Serious Writing

Three serious works, all three brief and insightful, that seem at times largely forgotten, are Camus’ The Fall, Thornton Wilder’s The Bridge of San Luis Rey, and Willa Cather’s Death Comes For the Archbishop. They each look to “foreign” cultures for insights with regard to our own, with a focus on religion or its lack. They are all favorites that I wholeheartedly recommend.

Cather:

“When they left the rock or tree or sand dune that had sheltered them for the night, the Navajo was careful to obliterate every trace of their temporary occupation. He buried the embers of the fire and the remnants of food, unpiled any stones he had piled together, filled up the holes he had scooped in the sand. Since this was exactly Jacinto’s procedure, Father Latour judged that, just as it was the white man’s way to assert himself in any landscape, to change it, make it over a little (at least to leave some mark of memorial of his sojourn), it was the Indian’s way to pass through a country without disturbing anything; to pass and leave no trace, like fish through the water, or birds through the air.”

Wilder:

“The Archbishop knew that most of the priests of Peru were scoundrels. It required all his delicate Epicurean education to prevent his doing something about it; he had to repeat over to himself his favorite notions: that the injustice and unhappiness in the world is a constant; that the theory of progress is a delusion; that the poor, never having known happiness, are insensible to misfortune. Like all the rich he could not bring himself to believe that the poor (look at their houses, look at their clothes) could really suffer. Like all the cultivated he believed that only the widely-read could be said to know that they were unhappy. On one occasion, the iniquities in his see having been called to his notice, he almost did something about it. He had just heard that it was becoming a rule in Peru for priests to exact two measures of meal for a fairly good absolution, and five measures, for a really effective one. He trembled with indignation; he roared to his secretary and bidding him bring up his writing materials, announced that he was going to dictate an overwhelming message to his shepherds. But there was no ink left in the inkwell; there was no ink left in the next room; there was no ink to be found in the whole palace. The state of things in his household so upset the good man that he fell ill of the combined rages and learned to guard himself against indignation.”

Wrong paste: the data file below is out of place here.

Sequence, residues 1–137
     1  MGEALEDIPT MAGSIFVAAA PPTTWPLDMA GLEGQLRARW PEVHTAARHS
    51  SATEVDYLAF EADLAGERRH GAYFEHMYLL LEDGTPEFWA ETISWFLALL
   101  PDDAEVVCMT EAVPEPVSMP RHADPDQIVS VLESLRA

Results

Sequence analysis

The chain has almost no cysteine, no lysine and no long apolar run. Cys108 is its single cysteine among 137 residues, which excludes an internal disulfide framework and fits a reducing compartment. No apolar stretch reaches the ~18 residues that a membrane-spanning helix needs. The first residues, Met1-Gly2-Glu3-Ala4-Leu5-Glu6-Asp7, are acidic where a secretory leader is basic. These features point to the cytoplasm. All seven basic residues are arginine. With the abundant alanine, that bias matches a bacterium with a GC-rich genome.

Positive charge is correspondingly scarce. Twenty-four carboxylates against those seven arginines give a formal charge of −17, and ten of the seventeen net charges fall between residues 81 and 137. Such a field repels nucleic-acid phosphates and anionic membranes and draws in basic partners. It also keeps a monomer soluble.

Camus:

“I had to submit and admit my guilt. I had to live in the little-ease. To be sure, you are not familiar with that dungeon cell that was called the little-ease in the Middle Ages. In general, one was forgotten there for life. That cell was distinguished from others by ingenious dimensions. It was not high enough to stand up in nor yet wide enough to lie down in. One had to take on an awkward manner and live on the diagonal; sleep was a collapse, and waking a squatting. Mon cher, there was genius—and I am weighing my words—in that so simple invention. Every day through the unchanging restriction that stiffened his body, the condemned man learned that he was guilty and that innocence consists in stretching joyously. Can you imagine in that cell a frequenter of summits and upper decks? What? One could live in those cells and still be innocent? Improbable! Highly improbable! Or else my reasoning would collapse. That innocence should be reduced to living hunchbacked—I refuse to entertain for a second such a hypothesis. Moreover, we cannot assert the innocence of anyone, whereas we can state with certainty the guilt of all. Every man testifies to the crime of all the others—that is my faith and my hope.”

In the face of a binary extremism in the interpretation of Islam (one can “voluntarily” embrace Islam or be put to death–no exceptions), we need to understand and exercise, while respecting those who have made different choices while refraining from imposing theirs on us, our embrace of freedom of choice. We need to recognize what’s worth fighting for, and what’s worth fighting against. That is perhaps the critical moral issue for the world.

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